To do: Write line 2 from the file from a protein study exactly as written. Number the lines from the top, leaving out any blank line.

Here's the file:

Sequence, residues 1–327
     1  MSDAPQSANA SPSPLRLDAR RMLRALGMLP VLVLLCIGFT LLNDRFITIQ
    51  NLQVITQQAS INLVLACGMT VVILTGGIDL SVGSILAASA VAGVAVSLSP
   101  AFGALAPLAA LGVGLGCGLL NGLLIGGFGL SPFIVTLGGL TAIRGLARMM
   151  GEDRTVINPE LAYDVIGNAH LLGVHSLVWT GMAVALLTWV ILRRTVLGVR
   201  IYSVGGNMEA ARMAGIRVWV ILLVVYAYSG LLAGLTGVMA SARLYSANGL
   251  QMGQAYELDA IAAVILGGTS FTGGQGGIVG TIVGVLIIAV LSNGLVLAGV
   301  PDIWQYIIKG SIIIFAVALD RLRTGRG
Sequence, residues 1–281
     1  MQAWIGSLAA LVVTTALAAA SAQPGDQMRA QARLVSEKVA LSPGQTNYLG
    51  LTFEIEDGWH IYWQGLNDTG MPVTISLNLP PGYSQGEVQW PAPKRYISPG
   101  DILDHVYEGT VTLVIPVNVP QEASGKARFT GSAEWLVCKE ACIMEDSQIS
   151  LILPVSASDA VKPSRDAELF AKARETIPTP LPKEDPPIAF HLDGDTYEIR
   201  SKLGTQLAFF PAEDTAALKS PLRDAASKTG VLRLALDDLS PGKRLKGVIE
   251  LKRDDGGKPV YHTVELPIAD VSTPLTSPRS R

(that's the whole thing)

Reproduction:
     1  MSDAPQSANA SPSPLRLDAR RMLRALGMLP VLVLLCIGFT LLNDRFITIQ